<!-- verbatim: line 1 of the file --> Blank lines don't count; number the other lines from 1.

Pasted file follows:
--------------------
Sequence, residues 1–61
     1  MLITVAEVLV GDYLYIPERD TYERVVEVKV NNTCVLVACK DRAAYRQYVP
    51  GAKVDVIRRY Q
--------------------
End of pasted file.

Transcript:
Sequence, residues 1–61